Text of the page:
Clerics and religious institutions in the Middle East can play a dual role in society, either pouring oil or water on the flames of conflicts.
Prominent religious authorities in Iran's Qom and Iraq's Najaf have simultaneously called on the political leaders in their respective countries to improve relations with Saudi Arabia. The authorities stated that this move would be in the interest of all Muslims and would unite them in their struggle against terrorism and religious extremism. The request followed Saudi Arabia's adoption of a strict stance against Salafist jihadism, and pledging to reform domestic and foreign policies.
Sheikh Wahid Khorasani, a top religious authority in Qom, said on Dec. 3 it was necessary for Iran to improve relations with Saudi Arabia. The message was addressed to Akbar Hashemi Rafsanjani, president of the Expediency Discernment Council of the System in Iran, and was delivered by Seyed Taha Hashemi. Sheikh Khorasani said that Rafsanjani must travel to Saudi Arabia to improve ties and reach an agreement. Khorasani said that this is in the best interest of the Iranian nuclear issue and the Islamic world, adding that Rafsanjani is the only one who can play this role now.
Al-Monitor learned from a religious source close to Ali al-Sistani in Najaf that Sistani has a similar vision regarding the necessity of a rapprochement with Saudi Arabia, since both countries face the common threat of Salafist jihadism as represented by the Islamic State (IS). Iraqi President Fouad Massoum visited Najaf Nov. 11 to meet with Sistani before embarking on a formal visit to Saudi Arabia. Sistani praised the Iraqi government’s efforts to improve its regional relations and called for the strengthening of ties with all neighboring countries. The Saudi king praised Sistani’s great positions, and expressed his wishes for further unity and consistency among the different components in Iraq.
Rafsanjani has criticized in past years the icy relations between Iran and Saudi Arabia. Since both countries represent the biggest economic, religious and political powers in the region, Rafsanjani has stated that they should meet in accordance with their common interests instead of continuing such hostile relations, which will result in losses for the entire region. Rafsanjani expressed his readiness to go to Saudi Arabia and meet with the king to reach an agreement regarding different regional issues. However, his only condition was to be officially delegated by the Islamic revolution’s leader in Iran, so he could guarantee the implementation of the agreement that would be reached.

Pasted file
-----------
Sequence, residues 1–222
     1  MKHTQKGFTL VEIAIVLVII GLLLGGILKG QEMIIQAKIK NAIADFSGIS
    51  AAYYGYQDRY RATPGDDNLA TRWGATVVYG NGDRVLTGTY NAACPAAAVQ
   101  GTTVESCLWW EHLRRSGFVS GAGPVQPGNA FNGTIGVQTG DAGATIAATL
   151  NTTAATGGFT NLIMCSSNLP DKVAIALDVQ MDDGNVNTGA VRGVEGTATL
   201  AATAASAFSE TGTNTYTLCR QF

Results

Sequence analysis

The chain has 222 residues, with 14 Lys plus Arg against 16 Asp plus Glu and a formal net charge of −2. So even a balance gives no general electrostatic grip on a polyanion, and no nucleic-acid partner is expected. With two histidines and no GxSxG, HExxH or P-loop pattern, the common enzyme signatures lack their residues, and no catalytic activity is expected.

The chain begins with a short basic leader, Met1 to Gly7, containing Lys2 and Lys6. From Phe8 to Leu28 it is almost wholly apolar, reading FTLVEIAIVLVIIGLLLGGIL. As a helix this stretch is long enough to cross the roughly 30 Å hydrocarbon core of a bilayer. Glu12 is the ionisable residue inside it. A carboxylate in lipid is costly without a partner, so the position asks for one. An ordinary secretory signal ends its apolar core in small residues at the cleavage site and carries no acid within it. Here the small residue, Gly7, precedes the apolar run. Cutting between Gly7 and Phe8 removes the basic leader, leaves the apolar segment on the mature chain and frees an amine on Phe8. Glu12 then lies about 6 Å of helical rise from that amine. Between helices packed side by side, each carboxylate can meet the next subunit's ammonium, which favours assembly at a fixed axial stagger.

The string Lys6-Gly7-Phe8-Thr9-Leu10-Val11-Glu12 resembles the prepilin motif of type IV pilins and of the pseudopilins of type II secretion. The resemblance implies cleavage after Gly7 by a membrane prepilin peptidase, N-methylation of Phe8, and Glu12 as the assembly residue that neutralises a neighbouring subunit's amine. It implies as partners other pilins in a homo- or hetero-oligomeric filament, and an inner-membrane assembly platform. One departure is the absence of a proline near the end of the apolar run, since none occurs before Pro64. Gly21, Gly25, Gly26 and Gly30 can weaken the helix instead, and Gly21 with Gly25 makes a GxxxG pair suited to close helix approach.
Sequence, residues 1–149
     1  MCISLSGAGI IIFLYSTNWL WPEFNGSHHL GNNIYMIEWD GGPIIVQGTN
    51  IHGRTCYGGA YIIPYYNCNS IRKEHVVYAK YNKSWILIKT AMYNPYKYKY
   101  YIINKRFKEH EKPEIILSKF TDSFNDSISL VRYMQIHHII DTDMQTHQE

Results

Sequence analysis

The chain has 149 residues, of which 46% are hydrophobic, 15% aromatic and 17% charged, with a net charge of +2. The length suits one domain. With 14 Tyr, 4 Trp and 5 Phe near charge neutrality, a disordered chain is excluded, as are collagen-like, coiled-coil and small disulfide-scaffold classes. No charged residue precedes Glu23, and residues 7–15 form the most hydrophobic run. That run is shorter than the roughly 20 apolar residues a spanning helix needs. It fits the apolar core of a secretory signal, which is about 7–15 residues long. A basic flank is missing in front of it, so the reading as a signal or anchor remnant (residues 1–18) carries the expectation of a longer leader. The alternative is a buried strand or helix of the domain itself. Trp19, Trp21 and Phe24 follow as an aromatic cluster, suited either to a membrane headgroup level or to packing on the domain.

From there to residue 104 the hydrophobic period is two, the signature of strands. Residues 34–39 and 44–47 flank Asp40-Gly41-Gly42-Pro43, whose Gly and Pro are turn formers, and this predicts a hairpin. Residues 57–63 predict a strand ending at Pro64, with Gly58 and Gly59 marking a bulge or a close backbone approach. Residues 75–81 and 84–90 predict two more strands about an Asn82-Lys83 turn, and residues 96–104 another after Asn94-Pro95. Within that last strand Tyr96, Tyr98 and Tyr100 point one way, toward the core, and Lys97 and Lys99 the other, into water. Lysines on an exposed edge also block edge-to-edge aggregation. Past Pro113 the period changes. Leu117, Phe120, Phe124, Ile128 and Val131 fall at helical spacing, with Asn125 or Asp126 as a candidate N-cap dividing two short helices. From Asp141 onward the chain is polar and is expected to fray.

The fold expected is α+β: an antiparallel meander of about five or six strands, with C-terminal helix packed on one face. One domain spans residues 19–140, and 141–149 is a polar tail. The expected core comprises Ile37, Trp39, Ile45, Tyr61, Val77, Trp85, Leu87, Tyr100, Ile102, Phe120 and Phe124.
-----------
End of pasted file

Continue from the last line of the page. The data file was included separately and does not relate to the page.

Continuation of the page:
Rafsanjani successfully played this role in the past when he was president, just like his successor Mohammad Khatami. Rafsanjani even tried to revive this role under Mahmoud Ahmadinejad's presidency, yet the ruling party derailed such efforts by spreading false rumors about the Saudi government abusing Iranian officials at the airport, thus halting any rapprochement.
Improving relations with Saudi Arabia is an important request among the hawzas, or Shiite seminaries, in Qom and Najaf, despite the state of anger in the Shiite community following the Saudi death sentence of Shiite preacher Sheikh Nimr al-Nimr in October 2014. However, clerics believe that evoking differences between the two countries will not prevent Nimr's execution or improve the situation of Saudi Arabia's Shiite minority. In addition, any agreement could help reduce the price of oil, as Saudi Arabia could potentially reduce its oil exports and raise barriers in the nuclear compromise between Iran and the West, according to a statement by Ayatollah Fadel Mabdi, a prominent cleric in Qom.
In another initiative to express the hawzas’ desire to cooperate with Saudi institutions to fight terrorism, Najaf participated in a November 2014 conference in Vienna at the King Abdullah Bin Abdulaziz International Centre for Interreligious and Intercultural Dialogue, titled "United Against Violence in the Name of Religion." Seyed Jawad al-Khoei, founding member of the Iraqi Council for Interfaith Dialogue in Najaf, attended the conference. He said that he was pleased to have participated in the meeting and called for an agreement “based on humanitarian, moral and religious commonalities that bind us, and to point out the failures that allowed extremism, fanaticism and rivalry to infiltrate our ranks, which are trying to speak in our name.”
Shiite religious establishments in Qom and Najaf not only do not mind improving relations with Saudi Arabia — they are also calling for it. This opens the door for accelerating a rapprochement process by resorting to moderate clerics who are trusted by both sides.
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